This painting of Guru Nanak at Kartarpur is an artistic attempt to express the divine light manifested by Guru ji in his old age when he attracted many followers to sit alongside him in the wheat fields of Kartarpur. Looking at this art piece, we dwell upon the last days of Guru ji on this earth as he planted the core tenants of Sikhism in the hearts of a community of the faithful who gathered about him. He casts a royal blue shadow, which takes the shape of a warrior wearing a Dastaar and Kalgi. This foreshadows the transformation of their jyot into Guru Gobind Singh ji who would create the Khalsa panth, born out of the soil of Punjab from the seeds Guru Nanak planted generations before.
To the left of Guru Nanak, we see the field of golden wheat but to the right it subtly transforms into a landscape of arrows and fire. This is an analogy for the turbulent and transformative times ahead for the land of Punjab, hardships which would engender the spiritual and bodily transformation of the Sikh community into the Khalsa panth. The tree is a metaphor for this community; it grew from the body of the Gurus into five powerful trunks (the panj pyare) and then beyond into countless more spirit born souls, stretching into the eternity of boundless time and the infinite cosmos.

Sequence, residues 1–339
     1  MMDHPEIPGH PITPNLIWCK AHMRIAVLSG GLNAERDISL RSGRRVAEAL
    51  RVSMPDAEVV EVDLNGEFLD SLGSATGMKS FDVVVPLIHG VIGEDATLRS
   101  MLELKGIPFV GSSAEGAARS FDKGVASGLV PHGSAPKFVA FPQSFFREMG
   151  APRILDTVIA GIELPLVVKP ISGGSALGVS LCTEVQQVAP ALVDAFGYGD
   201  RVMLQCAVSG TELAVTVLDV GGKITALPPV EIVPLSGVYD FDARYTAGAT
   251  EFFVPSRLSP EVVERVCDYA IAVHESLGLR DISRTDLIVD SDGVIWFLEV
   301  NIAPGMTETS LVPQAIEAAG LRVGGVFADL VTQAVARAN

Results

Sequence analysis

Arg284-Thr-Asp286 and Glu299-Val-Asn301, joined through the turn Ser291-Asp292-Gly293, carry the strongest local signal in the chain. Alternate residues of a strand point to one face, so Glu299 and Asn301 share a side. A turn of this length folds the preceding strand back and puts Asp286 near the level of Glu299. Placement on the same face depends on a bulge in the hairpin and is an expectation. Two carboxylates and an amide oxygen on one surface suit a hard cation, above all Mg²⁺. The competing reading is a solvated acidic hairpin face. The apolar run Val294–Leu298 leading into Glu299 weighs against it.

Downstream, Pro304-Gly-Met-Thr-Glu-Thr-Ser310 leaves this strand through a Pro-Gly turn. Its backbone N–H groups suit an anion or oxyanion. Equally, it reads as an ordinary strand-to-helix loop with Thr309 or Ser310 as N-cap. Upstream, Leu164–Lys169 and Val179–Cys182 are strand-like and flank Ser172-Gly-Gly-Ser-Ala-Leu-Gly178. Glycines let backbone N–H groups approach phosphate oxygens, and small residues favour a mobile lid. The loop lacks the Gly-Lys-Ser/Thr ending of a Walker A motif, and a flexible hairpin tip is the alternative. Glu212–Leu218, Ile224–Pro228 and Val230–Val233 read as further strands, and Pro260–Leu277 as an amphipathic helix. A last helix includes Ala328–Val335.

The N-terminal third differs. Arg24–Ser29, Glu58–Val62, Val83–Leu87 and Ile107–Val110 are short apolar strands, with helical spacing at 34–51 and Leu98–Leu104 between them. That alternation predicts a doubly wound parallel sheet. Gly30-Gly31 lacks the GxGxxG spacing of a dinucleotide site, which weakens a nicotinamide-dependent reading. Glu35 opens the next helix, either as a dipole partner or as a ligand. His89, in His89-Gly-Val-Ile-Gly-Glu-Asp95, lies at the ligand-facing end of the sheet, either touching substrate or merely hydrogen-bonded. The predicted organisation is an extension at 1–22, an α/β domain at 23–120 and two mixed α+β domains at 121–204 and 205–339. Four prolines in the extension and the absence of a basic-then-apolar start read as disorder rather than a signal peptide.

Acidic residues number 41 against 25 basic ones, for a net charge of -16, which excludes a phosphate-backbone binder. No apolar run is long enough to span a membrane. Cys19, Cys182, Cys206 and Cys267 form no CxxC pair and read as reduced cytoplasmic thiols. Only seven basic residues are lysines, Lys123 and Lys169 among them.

Some inspiriting text below taken from the writing of the great professor Puran Singh
Nanak and His Wheat Farms at Kartarpur
Guru Nanak started wheat farms at Kartarpur, the town of Kartar (Creator) as he called it. His people came and worked with him in the fields. The Guru took keen delight in sowing wheat, and reaping the golden harvests: he was of the people. Once again his stores were open to them. The bread and water were ready for all at all hours of the day, and crowds came and freely partook of the guru’s gifts. All comers were filled from the Guru’s treasury of thought and love and power; the diseased and distressed were healed by him. He was an old man then; and he loved to see the crowds of God’s disciples coming from the distant Kabul and Central Asia and Assam and Southern India - all the places where he had been in his younger days. In the trackless world of that time, the old Father of his people travelled on foot, singing his Hymns of Nam, and gathering every trace of love. The Afghan and the Biloch, the Turk and the Tartar, the Sufi and the Brahman, the white and dark races, mingled in his great heart. The disciples, both men and women, came from all directions, and took part freely in the song of the Guru. So great was the reverence of his own country for him, that Pir Bahauddin, the great Sufi teacher who counted his followers by thousands, one morning suddenly turned his back on Qaaba (which no Moslem would do), and began bowing, in his Namaz, in the direction of Kartarpur, “Why so?” cried his faithful followers, in alarm. “This morning I see the light of God in this direction, my friends!” said he.
Subscribe to our mailing list
Stay connected with artist Kanwar Singh for all new painting releases, upcoming exhibitions, new projects and much much more...
Choosing a selection results in a full page refresh.